And then she spoke: “You do know where were going, yes?”

No, I do not know where we are going.” And then with a mock gentleness said: “Will you tell me?”
At least this meant for an instant that he was guessing what she felt. And then she explained: “Were going up to Suzhou.” Then she spelled out the name in characters and in a fine script which was in English, both the forms were exquisite in their detail. “From their we will take a boat and explore the islands, which, while crowded with people, are serene in their stillness. We will get off at the train station in the north of the city, and then look around at the gardens, there are three that are particularly fine. Then we can head off to a friend of mine who will take us to Taihu Lake. I promise it will be something marvelous. The details may change, but that is the essence of the plan.”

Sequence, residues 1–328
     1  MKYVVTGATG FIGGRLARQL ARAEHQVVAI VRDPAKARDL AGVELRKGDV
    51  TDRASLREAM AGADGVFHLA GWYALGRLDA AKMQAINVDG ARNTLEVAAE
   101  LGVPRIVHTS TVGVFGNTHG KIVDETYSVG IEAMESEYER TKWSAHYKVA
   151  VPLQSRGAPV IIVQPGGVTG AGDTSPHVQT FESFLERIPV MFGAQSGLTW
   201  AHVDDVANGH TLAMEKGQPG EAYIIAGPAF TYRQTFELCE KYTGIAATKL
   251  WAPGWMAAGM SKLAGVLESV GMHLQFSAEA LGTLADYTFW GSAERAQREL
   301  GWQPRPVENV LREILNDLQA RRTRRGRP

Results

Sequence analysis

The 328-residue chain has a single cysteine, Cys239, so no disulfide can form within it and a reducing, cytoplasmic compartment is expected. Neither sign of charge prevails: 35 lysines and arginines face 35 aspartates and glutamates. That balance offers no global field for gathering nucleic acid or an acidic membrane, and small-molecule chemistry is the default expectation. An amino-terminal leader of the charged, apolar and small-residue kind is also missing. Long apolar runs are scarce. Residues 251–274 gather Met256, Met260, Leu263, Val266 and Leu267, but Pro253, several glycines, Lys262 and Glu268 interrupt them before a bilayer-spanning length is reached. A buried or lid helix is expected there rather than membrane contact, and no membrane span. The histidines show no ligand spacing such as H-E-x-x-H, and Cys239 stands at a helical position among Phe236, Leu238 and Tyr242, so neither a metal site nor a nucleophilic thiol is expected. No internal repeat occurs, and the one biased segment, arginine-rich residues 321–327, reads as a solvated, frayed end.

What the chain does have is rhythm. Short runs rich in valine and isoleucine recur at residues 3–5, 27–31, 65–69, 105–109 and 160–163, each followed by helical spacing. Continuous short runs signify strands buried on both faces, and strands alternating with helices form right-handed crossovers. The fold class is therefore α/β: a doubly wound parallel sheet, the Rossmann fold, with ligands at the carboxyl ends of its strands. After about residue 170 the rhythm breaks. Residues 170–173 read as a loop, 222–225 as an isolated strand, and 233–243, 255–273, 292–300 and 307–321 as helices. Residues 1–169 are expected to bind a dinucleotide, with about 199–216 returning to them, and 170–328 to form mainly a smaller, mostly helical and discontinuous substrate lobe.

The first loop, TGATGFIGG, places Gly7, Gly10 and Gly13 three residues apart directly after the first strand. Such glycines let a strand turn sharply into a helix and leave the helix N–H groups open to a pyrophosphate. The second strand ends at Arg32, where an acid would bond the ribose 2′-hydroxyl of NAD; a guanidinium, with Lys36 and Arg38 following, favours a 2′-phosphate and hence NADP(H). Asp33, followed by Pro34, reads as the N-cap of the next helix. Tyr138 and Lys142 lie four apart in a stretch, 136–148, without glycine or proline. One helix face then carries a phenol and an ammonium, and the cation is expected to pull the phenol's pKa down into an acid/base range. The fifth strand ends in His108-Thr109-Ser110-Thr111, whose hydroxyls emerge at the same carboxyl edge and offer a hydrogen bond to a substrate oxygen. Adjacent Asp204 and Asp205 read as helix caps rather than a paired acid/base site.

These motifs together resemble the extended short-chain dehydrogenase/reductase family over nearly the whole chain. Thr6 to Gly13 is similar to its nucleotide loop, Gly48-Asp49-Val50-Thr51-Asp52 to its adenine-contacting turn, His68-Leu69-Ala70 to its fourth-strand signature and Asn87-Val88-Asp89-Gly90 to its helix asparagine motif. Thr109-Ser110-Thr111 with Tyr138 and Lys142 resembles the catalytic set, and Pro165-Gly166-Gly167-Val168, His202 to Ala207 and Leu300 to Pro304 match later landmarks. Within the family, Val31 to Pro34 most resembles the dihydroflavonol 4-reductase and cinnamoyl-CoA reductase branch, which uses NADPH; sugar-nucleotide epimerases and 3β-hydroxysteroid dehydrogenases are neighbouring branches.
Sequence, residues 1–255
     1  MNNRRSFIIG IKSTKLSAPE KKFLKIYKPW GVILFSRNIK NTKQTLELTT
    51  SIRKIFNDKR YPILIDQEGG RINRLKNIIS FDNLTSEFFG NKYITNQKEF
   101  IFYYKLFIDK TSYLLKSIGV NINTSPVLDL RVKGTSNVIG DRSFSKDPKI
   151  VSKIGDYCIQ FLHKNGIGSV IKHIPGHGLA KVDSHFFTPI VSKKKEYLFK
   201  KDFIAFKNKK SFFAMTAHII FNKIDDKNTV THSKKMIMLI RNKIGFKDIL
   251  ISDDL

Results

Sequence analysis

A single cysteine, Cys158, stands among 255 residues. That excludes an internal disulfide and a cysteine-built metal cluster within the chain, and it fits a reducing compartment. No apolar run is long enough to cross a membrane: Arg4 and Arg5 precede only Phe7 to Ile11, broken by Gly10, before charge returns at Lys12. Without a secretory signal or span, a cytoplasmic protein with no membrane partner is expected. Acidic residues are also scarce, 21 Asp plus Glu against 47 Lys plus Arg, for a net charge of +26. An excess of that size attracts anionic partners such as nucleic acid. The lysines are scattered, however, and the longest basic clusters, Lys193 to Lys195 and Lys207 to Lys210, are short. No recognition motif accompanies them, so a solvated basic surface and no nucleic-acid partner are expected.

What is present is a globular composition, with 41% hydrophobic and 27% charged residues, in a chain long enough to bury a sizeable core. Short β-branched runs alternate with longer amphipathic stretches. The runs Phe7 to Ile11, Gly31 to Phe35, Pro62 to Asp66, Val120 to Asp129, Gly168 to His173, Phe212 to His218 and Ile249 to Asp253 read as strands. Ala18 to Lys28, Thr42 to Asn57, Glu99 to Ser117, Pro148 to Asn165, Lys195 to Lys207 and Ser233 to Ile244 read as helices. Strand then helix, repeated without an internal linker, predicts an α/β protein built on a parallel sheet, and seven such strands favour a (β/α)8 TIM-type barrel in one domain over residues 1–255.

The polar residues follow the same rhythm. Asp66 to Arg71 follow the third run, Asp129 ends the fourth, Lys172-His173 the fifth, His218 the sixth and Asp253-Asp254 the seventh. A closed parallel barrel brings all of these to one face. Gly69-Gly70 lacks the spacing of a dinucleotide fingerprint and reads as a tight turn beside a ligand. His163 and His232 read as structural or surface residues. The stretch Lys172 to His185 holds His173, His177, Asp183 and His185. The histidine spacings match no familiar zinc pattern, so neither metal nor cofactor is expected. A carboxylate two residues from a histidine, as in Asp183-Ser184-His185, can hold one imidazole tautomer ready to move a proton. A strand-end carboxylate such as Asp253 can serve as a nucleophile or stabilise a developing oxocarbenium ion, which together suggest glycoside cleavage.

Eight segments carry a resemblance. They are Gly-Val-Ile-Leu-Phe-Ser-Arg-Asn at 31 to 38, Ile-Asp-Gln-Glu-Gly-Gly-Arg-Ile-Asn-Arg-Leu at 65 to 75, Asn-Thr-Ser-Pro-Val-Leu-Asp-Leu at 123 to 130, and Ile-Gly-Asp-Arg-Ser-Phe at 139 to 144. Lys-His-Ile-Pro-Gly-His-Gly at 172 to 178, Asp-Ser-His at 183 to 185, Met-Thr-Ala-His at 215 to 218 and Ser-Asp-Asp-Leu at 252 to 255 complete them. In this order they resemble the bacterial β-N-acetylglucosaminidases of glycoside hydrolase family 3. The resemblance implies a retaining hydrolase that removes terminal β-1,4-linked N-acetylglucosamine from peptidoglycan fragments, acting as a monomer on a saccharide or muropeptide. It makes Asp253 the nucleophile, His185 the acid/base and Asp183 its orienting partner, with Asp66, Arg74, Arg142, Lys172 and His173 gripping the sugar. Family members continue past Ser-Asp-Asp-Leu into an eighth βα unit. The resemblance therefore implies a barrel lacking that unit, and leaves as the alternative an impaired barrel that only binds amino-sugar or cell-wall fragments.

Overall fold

He just nodded. Then she realized she had said everything that she wanted to say, and she was then looking for a response from him. She had wanted him to guess what was on her mind, but then she kept talking until there was nothing left for him to guess. Which was not her plan, of course. But there was a questioning in his face until she had spilled out everything. It was not what she intended to do, and with almost anyone else, she would not have done it. But with him it was different, though she did not know how. Perhaps it was the way he looked at her, almost, but not quite, promising that he would say something, though he never quite did. With anyone else it would be an annoyance, a burbling question which could not be answered except by walking away. But with him, it was a challenge to get him to open up to her mind.